Made from 100% natural organic bamboo.

Hypo-allergenic, antimicrobial and antibacterial.

Durable and highly absorbent.

100% recycled packaging

3x cloths per pack (2 x grey, 1 x blue). 30cm x 30cm.

Rate the product for quality:
Rate the product for performance:
Rate the product for value:

Tell us how the product performed overall when used for its designed purpose

They performed well, whether it was on the first pass getting the worst stuff off a frame or the final buff.

Tell us what you particularly liked about the product

The environmentally friendly nature.

Tell us what you particularly disliked about the product

Only two colours.

How does the price compare to that of similar products in the market, including ones recently tested on

They're fairy expensive for what they are, though not the most expensive of bicycle-specific options.

Did you enjoy using the product? Yes

Would you consider buying the product? Yes

Would you recommend the product to a friend? Yes

Use this box to explain your overall score

They wipe, polish, and buff well, and are better for the environment than normal (plastic) microfibre cloths. They could be cheaper, but they're still good overall.

Overall rating: 7/10

About the tester

Age: 35  Height: 6 ft  Weight:

I usually ride: CAAD13  My best bike is: Cannondale Supersix Evo

I've been riding for: 10-20 years  I ride: Every day  I would class myself as: Expert

I regularly do the following types of riding: commuting, club rides, sportives, general fitness riding, fixed/singlespeed,

George is the host of the podcast and has been writing for since 2014. He has reviewed everything from a saddle with a shark fin through to a set of glasses with a HUD and everything in between. 

Although, ironically, spending more time writing and talking about cycling than on the bike nowadays, he still manages to do a couple of decent rides every week on his ever changing number of bikes.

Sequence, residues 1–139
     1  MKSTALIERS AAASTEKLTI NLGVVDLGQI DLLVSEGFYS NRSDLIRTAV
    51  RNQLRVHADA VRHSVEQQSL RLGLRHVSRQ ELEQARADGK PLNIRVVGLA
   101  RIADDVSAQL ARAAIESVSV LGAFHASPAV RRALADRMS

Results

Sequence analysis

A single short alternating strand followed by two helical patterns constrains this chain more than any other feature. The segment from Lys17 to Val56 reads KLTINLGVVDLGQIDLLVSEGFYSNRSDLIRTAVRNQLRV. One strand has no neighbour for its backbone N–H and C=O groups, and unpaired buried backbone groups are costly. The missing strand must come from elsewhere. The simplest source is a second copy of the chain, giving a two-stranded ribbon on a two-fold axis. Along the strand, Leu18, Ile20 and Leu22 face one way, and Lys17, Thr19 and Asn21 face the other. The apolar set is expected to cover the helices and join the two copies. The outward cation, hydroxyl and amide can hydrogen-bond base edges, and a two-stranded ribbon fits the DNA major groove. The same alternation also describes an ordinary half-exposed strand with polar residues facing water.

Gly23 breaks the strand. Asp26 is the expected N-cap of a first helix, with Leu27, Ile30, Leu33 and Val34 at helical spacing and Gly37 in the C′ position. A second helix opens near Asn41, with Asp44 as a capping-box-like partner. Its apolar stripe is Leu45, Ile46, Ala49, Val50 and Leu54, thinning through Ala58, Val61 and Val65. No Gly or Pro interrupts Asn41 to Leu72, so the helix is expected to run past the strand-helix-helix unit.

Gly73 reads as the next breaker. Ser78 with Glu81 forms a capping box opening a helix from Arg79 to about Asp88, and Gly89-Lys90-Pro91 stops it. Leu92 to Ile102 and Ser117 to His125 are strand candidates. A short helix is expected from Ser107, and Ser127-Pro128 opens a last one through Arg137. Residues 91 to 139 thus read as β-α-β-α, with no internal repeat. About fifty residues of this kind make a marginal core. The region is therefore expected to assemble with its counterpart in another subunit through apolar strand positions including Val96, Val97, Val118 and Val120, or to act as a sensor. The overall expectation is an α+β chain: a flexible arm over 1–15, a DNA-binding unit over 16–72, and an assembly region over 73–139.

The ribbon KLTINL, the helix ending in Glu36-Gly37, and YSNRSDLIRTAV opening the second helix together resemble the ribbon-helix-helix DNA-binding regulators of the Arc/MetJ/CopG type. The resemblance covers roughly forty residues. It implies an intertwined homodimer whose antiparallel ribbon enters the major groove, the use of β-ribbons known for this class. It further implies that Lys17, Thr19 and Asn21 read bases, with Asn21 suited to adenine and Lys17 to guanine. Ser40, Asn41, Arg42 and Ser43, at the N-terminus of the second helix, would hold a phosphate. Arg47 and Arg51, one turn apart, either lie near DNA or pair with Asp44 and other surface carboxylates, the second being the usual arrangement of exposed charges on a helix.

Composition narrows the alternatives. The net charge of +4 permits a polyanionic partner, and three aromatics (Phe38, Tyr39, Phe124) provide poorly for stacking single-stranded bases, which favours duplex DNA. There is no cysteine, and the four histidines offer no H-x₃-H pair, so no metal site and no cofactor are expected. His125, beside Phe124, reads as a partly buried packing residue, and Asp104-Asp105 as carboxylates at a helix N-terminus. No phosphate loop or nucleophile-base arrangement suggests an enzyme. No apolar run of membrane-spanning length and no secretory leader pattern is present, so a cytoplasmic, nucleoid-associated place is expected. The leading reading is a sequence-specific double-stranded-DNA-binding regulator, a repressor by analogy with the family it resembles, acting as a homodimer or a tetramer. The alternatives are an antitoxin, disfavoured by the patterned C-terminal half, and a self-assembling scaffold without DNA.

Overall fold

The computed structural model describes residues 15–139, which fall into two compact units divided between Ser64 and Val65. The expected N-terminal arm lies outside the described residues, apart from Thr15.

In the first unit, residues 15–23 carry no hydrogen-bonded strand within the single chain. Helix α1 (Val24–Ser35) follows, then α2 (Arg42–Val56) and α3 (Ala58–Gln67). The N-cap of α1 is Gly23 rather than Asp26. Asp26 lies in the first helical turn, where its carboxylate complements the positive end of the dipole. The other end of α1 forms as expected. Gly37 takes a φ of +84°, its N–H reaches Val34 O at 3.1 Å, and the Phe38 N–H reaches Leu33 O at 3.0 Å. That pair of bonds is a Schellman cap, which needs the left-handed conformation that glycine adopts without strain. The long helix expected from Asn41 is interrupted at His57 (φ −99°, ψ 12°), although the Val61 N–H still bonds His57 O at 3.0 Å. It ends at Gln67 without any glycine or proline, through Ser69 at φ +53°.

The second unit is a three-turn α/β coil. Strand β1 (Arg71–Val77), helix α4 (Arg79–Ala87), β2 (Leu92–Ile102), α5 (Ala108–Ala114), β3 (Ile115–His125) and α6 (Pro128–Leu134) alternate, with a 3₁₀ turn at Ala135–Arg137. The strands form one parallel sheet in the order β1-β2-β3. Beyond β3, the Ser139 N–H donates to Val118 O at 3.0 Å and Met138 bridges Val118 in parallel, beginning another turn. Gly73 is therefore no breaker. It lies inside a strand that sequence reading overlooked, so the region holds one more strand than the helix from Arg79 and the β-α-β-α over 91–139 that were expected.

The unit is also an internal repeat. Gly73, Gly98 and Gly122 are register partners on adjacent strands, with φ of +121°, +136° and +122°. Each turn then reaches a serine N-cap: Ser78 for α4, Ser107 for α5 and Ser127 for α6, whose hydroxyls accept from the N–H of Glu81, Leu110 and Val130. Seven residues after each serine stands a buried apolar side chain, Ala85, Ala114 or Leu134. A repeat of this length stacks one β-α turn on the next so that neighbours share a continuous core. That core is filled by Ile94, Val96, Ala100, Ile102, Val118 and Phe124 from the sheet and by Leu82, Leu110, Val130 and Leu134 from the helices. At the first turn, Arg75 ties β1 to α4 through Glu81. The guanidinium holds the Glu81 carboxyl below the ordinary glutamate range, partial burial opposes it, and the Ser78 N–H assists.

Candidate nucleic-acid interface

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Mathemagician | 2 months ago

I'm gonna wait for the gravel specific ones

David9694 | 2 months ago

I'm missing the point, aren't I? 

ktache replied to David9694 | 2 months ago
1 like

I have been using microfibre cloths to clean my chain, Silca's Synergetic, (after the old t-shirt wipe) originally the pricey ones from Waitrose.  But Iceland had 3 for a £, so I got a few of those. Only a few wipes in each one, with the expensive ones pretty much lasting the life of the chain. When Waitrose had a third off, I stocked up.  I will attempt to wash them when I have enoughl

jaymack | 2 months ago

Neither as cheap nor as eco-friendly as having a box of old shirts/blouses/tea towels/pairs of socks in the garage for cleaning duties.

David9694 replied to jaymack | 2 months ago

My cleaning go-to is old t-shirts. I've got mixed feelings about the fluff of microfibre towel; tea towels not so much as they don't have the bit of stretch and flex t-shirt material offers. 

andystow | 2 months ago

Generally "made from bamboo" means Rayon/viscose. It's not made from oil, but it can still make microplastics.